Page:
On a bed of folk-rock the debut record from Kildare-based musician Padraig McCauley delves into the most successful end of alt-pop of the last two decades. Bouncing off jangle-guitar, country rock, ska and indie-garage with guileless transparency McCauley nails them individually with smart lyrical content and a mesh of clever pop hooks.
The album opener is a retro-minded tune with images of hanging with your mates evoking memories of lazy care-free school holidays – it’s breezy L.A. beat-pop minus the faux SoCal accent. The lo-fi styling of ‘Almost In Greece’ has a merited place on any indie-disco dance floor with its electronic flourishes and garage rock rhythm. The howls on ‘Lingo’ scream alternative-radio-airtime; a big sounding folk-rock number addressing small town woes, “Freedom or boredom, what’s the difference”. There’s buoyant and quirky ska-pop on ‘Trouble in Paradise’; ska-light rhythms and big band horns accompanied by doo-wops and woos with a stand-out buzzing guitar line cutting through the song. The narcissism of the early ’90s sounding ‘I’m Fucking Amazing’ is nothing short of infectious, a celebratory self-praising pop-rock sing-along. ‘Daisy’ is acoustic country rock with a jilted folk voice, and it could be said that ‘My Side’ is stab at a stadium-rock anthem – its bouncing melody would certainly get a rained-upon festival crowd jumping in unison.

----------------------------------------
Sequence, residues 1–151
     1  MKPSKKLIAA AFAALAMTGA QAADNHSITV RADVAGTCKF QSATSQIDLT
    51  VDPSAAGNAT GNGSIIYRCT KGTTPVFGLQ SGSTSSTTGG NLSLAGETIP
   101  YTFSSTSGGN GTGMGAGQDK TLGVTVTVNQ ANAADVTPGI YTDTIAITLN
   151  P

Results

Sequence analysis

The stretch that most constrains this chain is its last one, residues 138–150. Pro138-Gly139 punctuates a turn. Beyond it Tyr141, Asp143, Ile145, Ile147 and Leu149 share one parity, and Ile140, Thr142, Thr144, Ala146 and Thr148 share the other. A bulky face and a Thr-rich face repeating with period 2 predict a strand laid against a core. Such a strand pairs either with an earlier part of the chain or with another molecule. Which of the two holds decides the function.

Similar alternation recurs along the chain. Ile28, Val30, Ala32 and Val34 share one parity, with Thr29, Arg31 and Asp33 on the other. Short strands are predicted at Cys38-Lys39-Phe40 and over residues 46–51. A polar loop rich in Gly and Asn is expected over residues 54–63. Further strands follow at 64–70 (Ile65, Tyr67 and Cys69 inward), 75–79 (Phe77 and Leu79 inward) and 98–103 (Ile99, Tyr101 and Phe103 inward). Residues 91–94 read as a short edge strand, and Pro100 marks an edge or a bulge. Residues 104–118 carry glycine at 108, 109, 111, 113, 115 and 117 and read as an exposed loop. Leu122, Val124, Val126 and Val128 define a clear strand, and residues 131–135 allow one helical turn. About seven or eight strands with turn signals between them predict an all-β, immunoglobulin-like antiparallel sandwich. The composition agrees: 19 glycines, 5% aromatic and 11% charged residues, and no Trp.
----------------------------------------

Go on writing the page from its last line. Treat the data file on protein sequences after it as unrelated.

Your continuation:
Throughout there’s plucked guitar lines, lo-fi rhythms, sax, violin, banjo and catchy choruses – each track as radio-friendly as the next. There’s all of this and Padraig manages to package it cohesively and succinctly into 34 minute album.
The diversity gives the record deserved mass appeal but it’s really only the last song that truly marries more than one of these styles. ‘Beggars and Cannibals’, uses slow-building guitar, afro-pop nuances and layered vocal harmonies to create something distinctive to The P Affection, and it’s not even the best song on the album.
Amazing? Not yet. But you’re pretty fucking good.